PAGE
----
As a part of our one hundred book project I have been reading books on the theme of conflict with Grade 5. We started with War and Peas (Michael Foreman) which is about conflict but equally about wealthy nations and the developing world and our responsibilities to each other. The illustrations by Michael Foreman in War and Peas are quite scrumptious. The land belonging to the Fat King is depicted using cakes, biscuits and huge milk shakes. The final lines are so important when King Lion from the poor nation suggests they should now live in peace. The fat king replies “Peace … never heard of it. What’s the recipe?”
Our next book was Tusk Tusk by David McKee. I love to read the Elmer books to my Kindergarten students so it is good to revisit this talented author/illustrator with senior students. The elephants are at war. The issue is colour. The peace loving elephants flee into the forest and are never seen again. The black and white elephants annihilate each other and no elephants are left on earth until many, many years later some grey elephants emerge from the forest. Once again in this book it is the ending that is so important. I am sad to tell you the elephants with the small ears are looking at the elephants with the large ears and it seems conflict might once again be on the horizon.
Herbert and Harry (Pamela Allen) go fishing and catch a ‘treasure’ chest. Harry falls overboard and Herbert claims the treasure but with this comes the terrible burden of fear. Someone might try to steal his ‘treasure’ and so Herbert cannot sleep and he takes the ‘treasure’ to the top of a mountain far away and he buries it deep into the hillside and he sets up an enormous fortification to keep the ‘treasure’ safe. The heart of this story once again comes as a conclusion. Harry swam back to shore and has lived a long, happy life with his extended family. Years later Herbert still cannot sleep, ever watchful in case someone comes to steal his ‘treasure’. So who has had treasures in their life – Herbert or Harry?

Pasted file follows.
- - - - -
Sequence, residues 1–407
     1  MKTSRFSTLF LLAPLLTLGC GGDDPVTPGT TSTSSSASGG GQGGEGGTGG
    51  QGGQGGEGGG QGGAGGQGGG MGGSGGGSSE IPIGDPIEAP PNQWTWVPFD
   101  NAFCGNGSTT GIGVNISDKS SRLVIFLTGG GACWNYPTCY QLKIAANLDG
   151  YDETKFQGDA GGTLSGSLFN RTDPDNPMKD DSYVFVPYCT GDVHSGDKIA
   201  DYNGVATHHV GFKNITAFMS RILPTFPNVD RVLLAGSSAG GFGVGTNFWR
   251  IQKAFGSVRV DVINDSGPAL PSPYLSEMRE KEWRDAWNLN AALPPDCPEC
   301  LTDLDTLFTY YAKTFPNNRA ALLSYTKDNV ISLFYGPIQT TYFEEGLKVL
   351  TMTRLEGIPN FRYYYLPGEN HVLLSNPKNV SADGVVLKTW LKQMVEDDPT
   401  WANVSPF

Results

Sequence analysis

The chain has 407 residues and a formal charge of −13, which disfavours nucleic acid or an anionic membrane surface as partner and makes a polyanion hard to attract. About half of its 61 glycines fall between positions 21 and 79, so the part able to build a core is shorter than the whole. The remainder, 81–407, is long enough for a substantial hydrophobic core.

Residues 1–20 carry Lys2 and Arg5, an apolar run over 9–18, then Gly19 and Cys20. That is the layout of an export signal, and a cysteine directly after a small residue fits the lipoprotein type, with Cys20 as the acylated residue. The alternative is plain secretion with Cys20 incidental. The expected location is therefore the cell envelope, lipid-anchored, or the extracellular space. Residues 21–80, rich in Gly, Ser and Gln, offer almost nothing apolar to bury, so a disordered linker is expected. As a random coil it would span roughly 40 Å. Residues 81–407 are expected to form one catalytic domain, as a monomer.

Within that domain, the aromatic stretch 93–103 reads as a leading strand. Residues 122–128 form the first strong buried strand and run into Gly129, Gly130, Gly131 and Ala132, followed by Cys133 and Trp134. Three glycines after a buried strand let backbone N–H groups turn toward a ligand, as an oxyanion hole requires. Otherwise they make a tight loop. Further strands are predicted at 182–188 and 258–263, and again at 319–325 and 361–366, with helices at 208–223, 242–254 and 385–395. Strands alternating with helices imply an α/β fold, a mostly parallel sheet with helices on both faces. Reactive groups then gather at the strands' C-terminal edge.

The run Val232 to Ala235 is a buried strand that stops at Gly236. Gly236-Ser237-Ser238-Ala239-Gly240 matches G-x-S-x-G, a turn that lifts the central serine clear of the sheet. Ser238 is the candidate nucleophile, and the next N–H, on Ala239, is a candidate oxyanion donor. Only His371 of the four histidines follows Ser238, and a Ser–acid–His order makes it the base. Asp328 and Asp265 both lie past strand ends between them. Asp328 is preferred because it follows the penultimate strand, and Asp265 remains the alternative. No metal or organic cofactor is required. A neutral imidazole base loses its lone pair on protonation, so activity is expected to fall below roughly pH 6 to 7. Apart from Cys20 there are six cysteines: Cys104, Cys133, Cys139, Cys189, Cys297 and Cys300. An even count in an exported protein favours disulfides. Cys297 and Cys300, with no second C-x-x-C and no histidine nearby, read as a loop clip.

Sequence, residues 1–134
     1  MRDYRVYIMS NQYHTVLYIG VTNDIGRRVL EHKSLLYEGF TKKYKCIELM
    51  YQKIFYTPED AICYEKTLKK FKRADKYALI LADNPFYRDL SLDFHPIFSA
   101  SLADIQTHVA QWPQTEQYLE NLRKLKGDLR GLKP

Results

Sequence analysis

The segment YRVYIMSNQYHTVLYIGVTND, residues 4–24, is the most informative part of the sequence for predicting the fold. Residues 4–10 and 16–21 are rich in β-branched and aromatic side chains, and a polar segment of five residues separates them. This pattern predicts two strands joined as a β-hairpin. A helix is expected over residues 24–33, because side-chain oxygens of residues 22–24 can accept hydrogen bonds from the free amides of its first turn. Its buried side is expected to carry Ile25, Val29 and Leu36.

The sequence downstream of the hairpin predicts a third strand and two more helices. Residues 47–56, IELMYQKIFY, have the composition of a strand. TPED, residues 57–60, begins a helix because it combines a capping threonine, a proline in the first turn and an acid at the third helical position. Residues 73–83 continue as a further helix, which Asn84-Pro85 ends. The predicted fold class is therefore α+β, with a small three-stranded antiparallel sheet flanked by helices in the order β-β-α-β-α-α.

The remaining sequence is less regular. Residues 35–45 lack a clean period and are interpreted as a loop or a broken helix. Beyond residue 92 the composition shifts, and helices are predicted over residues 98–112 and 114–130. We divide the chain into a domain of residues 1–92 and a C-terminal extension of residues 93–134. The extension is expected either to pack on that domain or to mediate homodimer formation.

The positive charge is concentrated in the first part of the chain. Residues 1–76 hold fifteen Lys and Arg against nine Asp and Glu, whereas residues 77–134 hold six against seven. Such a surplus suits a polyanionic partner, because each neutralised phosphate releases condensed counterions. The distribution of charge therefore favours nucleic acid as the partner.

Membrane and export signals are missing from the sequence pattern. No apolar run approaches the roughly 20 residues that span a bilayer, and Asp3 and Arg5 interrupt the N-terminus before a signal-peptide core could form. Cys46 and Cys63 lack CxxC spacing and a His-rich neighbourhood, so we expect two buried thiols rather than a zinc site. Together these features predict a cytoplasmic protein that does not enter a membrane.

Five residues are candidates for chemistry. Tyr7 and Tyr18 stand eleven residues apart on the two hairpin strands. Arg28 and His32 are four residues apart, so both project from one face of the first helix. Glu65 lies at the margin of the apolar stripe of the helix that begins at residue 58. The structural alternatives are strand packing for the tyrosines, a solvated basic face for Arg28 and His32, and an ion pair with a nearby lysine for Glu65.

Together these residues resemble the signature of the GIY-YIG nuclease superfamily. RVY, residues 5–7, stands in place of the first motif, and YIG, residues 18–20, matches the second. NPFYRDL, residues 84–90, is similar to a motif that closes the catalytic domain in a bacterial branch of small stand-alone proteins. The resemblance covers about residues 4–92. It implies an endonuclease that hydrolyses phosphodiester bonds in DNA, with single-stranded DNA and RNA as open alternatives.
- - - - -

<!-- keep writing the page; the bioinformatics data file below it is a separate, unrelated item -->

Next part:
Next we read The Butter Battle book by Dr Seuss. This is a book you could share with senior High School students but it is also accessible to Upper Primary even though the references to the Cold War are too abstract for them. The issue under conflict here is perfect and really demonstrates how sometimes we disagree over such trivial things. Do you put butter on the top or the bottom of your bread? The two sides in this conflict embark on an arms race to wipe each other out. The weapons and uniforms grow bigger and more outlandish as we turn each page until both sides develop a bomb. Neither can drop this bomb and so we have a stalemate. We also own the video of this story which is filled with lively songs.
Other titles we will explore over the next few weeks on this theme include Fox by Margaret Wild, Grumpy little King by Michael Streich, Clancy the Courageous cow by Lachie Hume (Notes), The General by Janet Charters illustrated by Michael Foreman, The Conquerors by David McKee and The bear with the sword by Davide Cali (Notes).